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The AVLB: Still a Viable Mobility Asset

By Second Lieutenant Robert Dieter

In July 1995, U.S. Army engineers provided support to the Marine Corps during Operation Freedom Banner in the Republic of Korea. Marines stationed in Okinawa traveled to the eastern seaport of Pohang to exercise their sea-stationed equipment. Army combat engineers from the 2d Engineer Battalion of the 2d Infantry Division provided mobility support along the routes used during the exercise. The mission proved to be an educational experience for both the Marine and the Army engineers.

During the initial reconnaissance of the route to the MlAl training range, the III Marine Expeditionary Force (MEF) discovered a military load classification 18 bridge that had neither a bypass nor a ford site. An Army combat engineer team from Charlie Company, 2d Engineer Battalion, conducted a bridge reconnaissance to determine the options available to cross the Marine's MlAl tanks and supporting equipment. The concrete bridge spanned a gap of 41 feet with a 5-foot-2-inch abutment at each end. The bridge had an 8-inch rise in the center to allow water to run off. The team determined that, if cribbed, an armored vehicle-launched bridge (AVLB) could span the gap, enabling the Marine detachment to cross. Figure 1 shows a comparison of the existing bridge to the AVLB.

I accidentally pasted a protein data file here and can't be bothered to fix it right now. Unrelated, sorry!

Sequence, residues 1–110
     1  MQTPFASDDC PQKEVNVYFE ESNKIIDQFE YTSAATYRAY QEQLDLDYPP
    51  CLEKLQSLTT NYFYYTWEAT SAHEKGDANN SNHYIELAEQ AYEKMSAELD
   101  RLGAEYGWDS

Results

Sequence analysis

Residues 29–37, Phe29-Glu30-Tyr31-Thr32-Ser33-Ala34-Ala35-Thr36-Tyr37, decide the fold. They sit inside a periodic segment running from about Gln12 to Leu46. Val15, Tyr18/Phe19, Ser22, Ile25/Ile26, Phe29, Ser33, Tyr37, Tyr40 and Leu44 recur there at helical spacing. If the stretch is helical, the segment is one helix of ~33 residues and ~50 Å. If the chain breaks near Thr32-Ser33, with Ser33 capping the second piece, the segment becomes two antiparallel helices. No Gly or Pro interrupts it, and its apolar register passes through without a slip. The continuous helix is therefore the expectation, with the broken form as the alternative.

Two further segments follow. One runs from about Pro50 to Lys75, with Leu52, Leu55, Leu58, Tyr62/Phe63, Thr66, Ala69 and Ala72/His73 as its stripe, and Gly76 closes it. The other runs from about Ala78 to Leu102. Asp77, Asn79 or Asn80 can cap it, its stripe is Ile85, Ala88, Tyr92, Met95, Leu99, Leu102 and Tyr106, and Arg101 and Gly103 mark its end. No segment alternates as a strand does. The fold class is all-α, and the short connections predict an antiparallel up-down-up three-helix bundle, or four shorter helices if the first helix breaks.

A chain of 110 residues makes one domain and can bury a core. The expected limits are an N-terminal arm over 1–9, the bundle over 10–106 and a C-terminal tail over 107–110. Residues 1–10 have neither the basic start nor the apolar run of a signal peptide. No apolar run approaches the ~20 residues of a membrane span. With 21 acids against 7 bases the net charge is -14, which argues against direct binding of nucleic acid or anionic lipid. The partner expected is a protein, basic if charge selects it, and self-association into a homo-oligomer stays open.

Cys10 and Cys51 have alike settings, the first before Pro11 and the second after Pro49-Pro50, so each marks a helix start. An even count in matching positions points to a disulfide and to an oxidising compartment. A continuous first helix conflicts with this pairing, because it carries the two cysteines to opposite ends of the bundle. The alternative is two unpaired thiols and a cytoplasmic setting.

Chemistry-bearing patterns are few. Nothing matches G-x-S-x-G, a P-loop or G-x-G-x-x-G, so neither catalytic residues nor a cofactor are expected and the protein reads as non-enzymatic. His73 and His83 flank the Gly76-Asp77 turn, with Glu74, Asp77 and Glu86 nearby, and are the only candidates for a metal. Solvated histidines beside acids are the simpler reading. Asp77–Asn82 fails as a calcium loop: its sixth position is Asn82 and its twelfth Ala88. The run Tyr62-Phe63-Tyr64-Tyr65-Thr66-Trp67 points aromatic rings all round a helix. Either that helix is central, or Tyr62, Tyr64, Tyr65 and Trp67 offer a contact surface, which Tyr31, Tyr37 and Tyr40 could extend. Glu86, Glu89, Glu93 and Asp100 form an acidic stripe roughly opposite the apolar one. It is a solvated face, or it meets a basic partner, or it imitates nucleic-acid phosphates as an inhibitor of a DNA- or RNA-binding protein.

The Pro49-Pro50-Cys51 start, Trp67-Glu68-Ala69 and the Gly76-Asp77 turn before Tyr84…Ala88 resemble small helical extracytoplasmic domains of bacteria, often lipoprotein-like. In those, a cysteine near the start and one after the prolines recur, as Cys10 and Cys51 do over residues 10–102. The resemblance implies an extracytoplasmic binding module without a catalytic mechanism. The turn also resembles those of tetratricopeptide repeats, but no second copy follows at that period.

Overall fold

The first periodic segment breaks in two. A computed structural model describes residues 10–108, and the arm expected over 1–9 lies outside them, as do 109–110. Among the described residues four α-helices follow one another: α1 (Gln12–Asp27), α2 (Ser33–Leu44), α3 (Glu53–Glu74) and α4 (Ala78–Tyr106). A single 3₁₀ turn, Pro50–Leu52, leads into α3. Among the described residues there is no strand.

The AVLB is a a 15-ton aluminum alloy bridge mounted on a 48-ton M60 chassis. It is designed to cross vehicles up to 60 tons over a 60-foot gap. With the development of the 67-ton MlA1 Abrams tank, the AVLB was approved to cross vehicles up to 70 tons in a "caution crossing" over a 50-foot gap. However, the following stipulations exist when crossing vehicles weighing more than 60 tons:

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